- Auditability and Historical Change Tracking: In the new EDW and MDM systems expected to use this model, each record and field in each target table had to be explicitly traceable to a record and field in a table from a source system at a specific group. The auditability requirement also asserted that changes to source system data, whether overwritten in those systems themselves, must have their change history tracked in the target model.
Upon considering a standard Business Data Vault architecture, wherein a Business Key would be identified, and instantiated as a Hub table for each business concept — essentially, each fixed-granularity level for every in-scope business subject area — would have resulted in hundreds of Hubs, in addition to some multiple of that for the number of associated Links and Satellites). From here, one can only imagine if, in the future, yet more groups were brought in, and those groups used still-different mixtures of granularities for assets or other entities. This problem, by itself, would likely sabotage the ‘Adaptability to Change’ mandate.
As I mentioned in my opening statement, John Giles specializes in using, and applying variations to, data modeling patterns. His combination of classic sub-type / super-type model patterns with Business Data Vault methodology is, from my perspective, ingenious. Here is the link to his ‘Universal Data Vault’ case study…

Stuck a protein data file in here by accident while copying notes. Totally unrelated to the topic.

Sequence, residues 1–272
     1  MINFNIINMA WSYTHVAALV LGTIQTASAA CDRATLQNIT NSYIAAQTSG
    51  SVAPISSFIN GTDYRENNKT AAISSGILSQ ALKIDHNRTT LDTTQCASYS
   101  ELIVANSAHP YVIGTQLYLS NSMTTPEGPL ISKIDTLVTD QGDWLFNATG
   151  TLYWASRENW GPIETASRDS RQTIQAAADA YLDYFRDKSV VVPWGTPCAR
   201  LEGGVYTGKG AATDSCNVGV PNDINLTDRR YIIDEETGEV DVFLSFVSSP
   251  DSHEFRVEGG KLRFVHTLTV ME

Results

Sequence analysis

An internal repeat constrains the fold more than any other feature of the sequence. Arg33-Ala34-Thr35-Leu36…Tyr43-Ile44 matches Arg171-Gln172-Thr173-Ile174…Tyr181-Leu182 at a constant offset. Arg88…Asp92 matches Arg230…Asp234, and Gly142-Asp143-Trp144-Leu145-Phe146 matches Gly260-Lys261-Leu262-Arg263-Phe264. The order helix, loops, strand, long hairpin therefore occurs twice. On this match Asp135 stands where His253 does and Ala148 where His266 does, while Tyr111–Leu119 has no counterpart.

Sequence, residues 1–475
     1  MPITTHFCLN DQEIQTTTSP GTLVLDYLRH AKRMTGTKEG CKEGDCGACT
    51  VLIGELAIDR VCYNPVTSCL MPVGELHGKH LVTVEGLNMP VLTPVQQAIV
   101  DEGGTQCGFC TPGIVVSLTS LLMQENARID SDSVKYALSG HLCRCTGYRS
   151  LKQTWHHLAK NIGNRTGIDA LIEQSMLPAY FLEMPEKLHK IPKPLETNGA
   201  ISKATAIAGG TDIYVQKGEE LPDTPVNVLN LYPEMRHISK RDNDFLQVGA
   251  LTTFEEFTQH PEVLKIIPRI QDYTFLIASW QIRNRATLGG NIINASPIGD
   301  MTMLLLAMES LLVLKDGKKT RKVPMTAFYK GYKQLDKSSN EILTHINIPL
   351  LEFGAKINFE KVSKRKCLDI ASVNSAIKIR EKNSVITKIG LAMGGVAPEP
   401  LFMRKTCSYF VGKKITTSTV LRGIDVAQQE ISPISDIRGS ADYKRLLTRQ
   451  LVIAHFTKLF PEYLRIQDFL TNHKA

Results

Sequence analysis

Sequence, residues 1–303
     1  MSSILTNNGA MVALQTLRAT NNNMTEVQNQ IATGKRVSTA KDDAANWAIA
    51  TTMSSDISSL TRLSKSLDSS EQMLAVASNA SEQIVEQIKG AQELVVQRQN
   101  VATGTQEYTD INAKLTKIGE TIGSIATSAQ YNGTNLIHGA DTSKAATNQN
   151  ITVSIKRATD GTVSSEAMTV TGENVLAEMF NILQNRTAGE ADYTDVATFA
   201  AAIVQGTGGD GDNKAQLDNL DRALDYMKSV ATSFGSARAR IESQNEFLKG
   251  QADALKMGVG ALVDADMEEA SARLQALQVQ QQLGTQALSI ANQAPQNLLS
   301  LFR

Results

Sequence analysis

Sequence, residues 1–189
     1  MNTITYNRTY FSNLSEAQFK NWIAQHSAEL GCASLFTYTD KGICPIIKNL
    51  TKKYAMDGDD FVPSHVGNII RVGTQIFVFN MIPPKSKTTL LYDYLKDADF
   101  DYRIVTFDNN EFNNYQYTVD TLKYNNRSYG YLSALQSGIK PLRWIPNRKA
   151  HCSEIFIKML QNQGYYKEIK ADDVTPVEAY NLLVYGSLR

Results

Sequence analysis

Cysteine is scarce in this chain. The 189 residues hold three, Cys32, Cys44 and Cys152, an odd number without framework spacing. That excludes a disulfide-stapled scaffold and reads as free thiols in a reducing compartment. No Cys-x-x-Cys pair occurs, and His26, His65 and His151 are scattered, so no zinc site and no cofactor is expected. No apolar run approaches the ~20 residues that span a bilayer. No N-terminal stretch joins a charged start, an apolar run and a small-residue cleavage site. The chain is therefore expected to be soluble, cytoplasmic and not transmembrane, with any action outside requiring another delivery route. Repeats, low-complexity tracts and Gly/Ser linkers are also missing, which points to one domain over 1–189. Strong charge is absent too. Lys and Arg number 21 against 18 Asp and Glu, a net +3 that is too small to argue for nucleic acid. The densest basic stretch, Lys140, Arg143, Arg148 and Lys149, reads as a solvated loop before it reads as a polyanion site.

Reminder and some key takeaways…
- With my already-stated caveat about John’s specialty in combining and applying variations on data modeling patterns, readers should assume right up front that he has added non-data-vault types of tables to this solution.
- Hubs, in this case, can be used to manage a business key that has wide variety of granularities, through the use of UDV’s recursive, generalized super-type tables (Hub-Type, Link-Type).
- John mentions that, with the substantial reduction of Hubs as an intended upside, two downsides are that (a) with the use of mixed granularity hubs, the granularity of each Hub (the range of granularities) is less than obvious; and (b) the UDV renders that already-challenging work of identifying Business Keys even more challenging.
- Data Vault’s inherent flexibility around the selection of Satellite tables is superbly demonstrated here, with the implicit addition of one more UDM-specific rule for ‘how many Satellites per Hub”. That additional rule might be described as ‘How many levels of granularity are existent for a given multi-granular Hub?
The end result of the case study is a Data Vault schema that contains only a fraction of the number of Hubs / Ensembles than it otherwise would, but still benefits from Business Data Vault’s elegance and avoidance of data integration resulting in data over-transformation, with the resulting loss of auditability and fidelity to source systems.
- Is there any significant downside for the Data Vault methodology to be extended or combined with other patterns?
Enjoy John Giles’ Case Study of Universal Data Vault.
Your comments are always welcome.